Can someone recommend a good radiant heat panel for tortoise box?

Nellie Rose

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I'm having trouble figuring out what radiant heat panel to get.
I live in Maryland and I'm trying to design an outdoor tortoise house for year round use. We have cold winters here so heat is a priority.
I'm looking for something to heat the main space (enclosure will be a covered greenhouse type enclosure), and a radiant heat panel to heat a 16×20×17 tortoise house.

Does anyone have any other ideas, or recommended certain brands?


Enclosure will be 24 inches high, 8 ft long and 4 ft wide. The tortoise box will be 16×20×17 inches.
I want to maintain an ambient temp between 70-75, with a hot spot of 90.
I'm looking into heat panels, chicken coop heaters, and other options.
Hopefully someone can chime in. It will be an upgrade over his current enclosure, pictured below. He only just moved outside and I'm pretty unhappy with the current enclosure.
20240527_083651.jpg20240527_083646.jpg
 

wellington

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The shed should be heated with an oil filled radiant heater. Then use flood bulb for basking and you can make a heated hide with a Kane or Stanfield pig blanket/heat panel placed on the side or ceiling of the hide.
A greenhouse like pictured will not stay warm enough in cold temps outside with just a heat panel.
 

Nellie Rose

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The shed should be heated with an oil filled radiant heater. Then use flood bulb for basking and you can make a heated hide with a Kane or Stanfield pig blanket/heat panel placed on the side or ceiling of the hide.
A greenhouse like pictured will not stay warm enough in cold temps outside with just a heat panel.
It will be rebuilt by then out of wood and corrugated plastic to hold heat better. I knew I would need at least 2 sources of heat, one for the main area and one for the box.

This sounds dumb but what is an oil filled radiant heater, and can you recommend a good brand? It will need to fit inside the 8×4×2 space.
I thought for the hot spot I might use a deep heat projector since they stay hotter than incandescent bulbs and last longer.
 

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wellington

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The heaters above come 1500 watt at the biggest that I know of. Then you can get smaller ones.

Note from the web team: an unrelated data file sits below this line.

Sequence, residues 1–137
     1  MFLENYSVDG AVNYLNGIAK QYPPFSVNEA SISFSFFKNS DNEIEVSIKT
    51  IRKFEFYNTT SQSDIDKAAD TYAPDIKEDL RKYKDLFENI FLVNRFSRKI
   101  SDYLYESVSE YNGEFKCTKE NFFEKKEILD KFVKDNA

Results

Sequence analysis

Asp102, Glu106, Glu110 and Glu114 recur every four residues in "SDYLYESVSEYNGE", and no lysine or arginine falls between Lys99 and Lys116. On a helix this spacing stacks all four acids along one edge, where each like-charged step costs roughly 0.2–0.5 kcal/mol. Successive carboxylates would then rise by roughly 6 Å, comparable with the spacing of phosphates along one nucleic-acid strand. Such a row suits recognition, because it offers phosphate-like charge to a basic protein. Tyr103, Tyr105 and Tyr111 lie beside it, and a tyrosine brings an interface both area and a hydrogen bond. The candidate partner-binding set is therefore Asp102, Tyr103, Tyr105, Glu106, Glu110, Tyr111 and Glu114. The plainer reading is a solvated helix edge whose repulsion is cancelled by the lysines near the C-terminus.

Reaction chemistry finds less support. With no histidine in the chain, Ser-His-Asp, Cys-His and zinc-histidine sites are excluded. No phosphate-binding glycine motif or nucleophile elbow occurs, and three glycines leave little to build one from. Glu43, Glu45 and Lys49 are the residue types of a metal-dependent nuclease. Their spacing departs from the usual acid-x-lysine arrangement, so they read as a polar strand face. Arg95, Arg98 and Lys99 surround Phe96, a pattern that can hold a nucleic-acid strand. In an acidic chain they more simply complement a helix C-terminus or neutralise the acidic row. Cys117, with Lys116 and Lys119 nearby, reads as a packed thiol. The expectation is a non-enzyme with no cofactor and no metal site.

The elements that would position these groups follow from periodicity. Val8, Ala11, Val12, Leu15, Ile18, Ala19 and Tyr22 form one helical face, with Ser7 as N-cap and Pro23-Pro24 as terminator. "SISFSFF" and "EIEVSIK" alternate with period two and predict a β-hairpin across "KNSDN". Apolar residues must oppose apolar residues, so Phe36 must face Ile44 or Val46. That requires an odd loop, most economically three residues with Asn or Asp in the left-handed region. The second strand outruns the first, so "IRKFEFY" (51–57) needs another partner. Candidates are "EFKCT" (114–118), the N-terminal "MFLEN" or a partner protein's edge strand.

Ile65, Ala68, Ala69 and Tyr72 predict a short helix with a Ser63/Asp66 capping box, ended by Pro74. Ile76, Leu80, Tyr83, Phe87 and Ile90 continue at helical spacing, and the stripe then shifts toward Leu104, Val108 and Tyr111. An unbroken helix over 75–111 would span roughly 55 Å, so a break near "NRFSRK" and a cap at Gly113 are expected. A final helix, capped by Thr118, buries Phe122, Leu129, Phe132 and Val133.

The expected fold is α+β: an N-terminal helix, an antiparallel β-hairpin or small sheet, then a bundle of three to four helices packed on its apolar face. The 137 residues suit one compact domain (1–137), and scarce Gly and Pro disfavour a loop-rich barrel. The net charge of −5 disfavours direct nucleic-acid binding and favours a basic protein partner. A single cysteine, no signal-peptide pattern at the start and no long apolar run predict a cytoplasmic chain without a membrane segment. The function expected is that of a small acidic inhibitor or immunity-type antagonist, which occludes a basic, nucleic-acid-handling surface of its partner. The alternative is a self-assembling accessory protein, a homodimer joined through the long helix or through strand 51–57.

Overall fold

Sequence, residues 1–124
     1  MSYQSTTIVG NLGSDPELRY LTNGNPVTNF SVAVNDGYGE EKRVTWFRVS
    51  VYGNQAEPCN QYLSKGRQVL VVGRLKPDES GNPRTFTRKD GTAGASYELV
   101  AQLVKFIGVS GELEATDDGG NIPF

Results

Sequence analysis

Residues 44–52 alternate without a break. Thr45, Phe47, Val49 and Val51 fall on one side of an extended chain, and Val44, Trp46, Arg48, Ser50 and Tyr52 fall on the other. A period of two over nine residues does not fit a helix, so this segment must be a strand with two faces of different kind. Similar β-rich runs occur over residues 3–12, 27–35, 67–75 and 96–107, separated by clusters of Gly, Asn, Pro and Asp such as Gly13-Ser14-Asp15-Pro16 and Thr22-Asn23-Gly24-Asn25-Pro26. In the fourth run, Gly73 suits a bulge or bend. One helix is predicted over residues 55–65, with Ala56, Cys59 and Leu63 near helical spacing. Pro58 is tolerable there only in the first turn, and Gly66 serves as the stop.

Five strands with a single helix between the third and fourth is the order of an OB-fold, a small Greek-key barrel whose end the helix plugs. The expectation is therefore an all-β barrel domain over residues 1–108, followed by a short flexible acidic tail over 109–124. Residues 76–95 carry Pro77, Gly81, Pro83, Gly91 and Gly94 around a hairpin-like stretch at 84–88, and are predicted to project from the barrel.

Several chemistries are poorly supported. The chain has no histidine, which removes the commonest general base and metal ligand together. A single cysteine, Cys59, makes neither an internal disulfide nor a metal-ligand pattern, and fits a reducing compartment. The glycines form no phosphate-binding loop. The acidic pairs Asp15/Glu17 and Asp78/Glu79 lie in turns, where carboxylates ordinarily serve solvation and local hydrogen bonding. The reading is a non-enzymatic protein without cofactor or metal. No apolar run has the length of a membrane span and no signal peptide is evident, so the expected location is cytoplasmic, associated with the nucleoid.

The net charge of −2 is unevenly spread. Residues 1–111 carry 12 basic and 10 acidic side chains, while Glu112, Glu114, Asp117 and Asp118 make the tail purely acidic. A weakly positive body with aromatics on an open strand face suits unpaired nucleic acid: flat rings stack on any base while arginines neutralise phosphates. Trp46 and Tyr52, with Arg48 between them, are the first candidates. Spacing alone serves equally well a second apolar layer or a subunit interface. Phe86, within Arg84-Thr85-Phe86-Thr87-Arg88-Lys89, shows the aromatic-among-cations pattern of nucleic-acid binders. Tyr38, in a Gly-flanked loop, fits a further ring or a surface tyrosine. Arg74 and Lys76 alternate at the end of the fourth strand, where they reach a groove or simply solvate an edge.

@Tom uses a smaller kind for a 4x8 foot night box.
 

Nellie Rose

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The heaters above come 1500 watt at the biggest that I know of. Then you can get smaller ones.
@Tom uses a smaller kind for a 4x8 foot night box.
Ok, it needs to fit inside something like this. Except it will have wooden walls and measure 4ft×8ft. At the tallest point it will be 24 inches above the substrate.
Screenshot_20240527_094613_Google.jpg

How would I set up the heater inside of the enclosure where it can't burn my tortoise?
 

Tom

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I'm having trouble figuring out what radiant heat panel to get.
I live in Maryland and I'm trying to design an outdoor tortoise house for year round use. We have cold winters here so heat is a priority.
I'm looking for something to heat the main space (enclosure will be a covered greenhouse type enclosure), and a radiant heat panel to heat a 16×20×17 tortoise house.

Does anyone have any other ideas, or recommended certain brands?


Enclosure will be 24 inches high, 8 ft long and 4 ft wide. The tortoise box will be 16×20×17 inches.
I want to maintain an ambient temp between 70-75, with a hot spot of 90.
I'm looking into heat panels, chicken coop heaters, and other options.
Hopefully someone can chime in. It will be an upgrade over his current enclosure, pictured below. He only just moved outside and I'm pretty unhappy with the current enclosure.
View attachment 371295View attachment 371296
What species is this for?

The only RHP that will fit in a box that small is a 12x12, and it isn't going to generate all that much heat. If you want daytime heat, a basking bulb is a better way to go in this situation.

A full size radiant oil heater is not going to fit in something 24 inches tall. You need a mini radiant oil heater. Something like this:
cv58nm6fvcmcxrhb64c36p3.jpg

I don't think any sort of outdoor enclosure like this is going to work "year round" in Maryland. If you have a temperate species, they should be brumated in winter. If you don't want to brumate, they need to be brought indoors and kept warm and brightly lit over winter. If you have a tropical species, an enclosure like this will simply not stay warm enough when its snowing outside. 70 at night is fine for temperate species, but much too cold for any tropical species.
 

Yvonne G

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Ok, it needs to fit inside something like this. Except it will have wooden walls and measure 4ft×8ft. At the tallest point it will be 24 inches above the substrate.
View attachment 371303

How would I set up the heater inside of the enclosure where it can't burn my tortoise?
You're not going to be able to keep that warm enough in the winter. For winter you need a box or shed, with actual wood or metal walls, insulated.
 

Nellie Rose

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What species is this for?
Hello. Hermanns Tortoise. I've had him 10 years, I got him when I was 10, and back then all of the care sheets said a 50 gallon tank was a fine home. Over time I upgraded him to a 7×3 enclosed pvc but I want to give him more space, and my home is maxed out. I literally don't have another inch.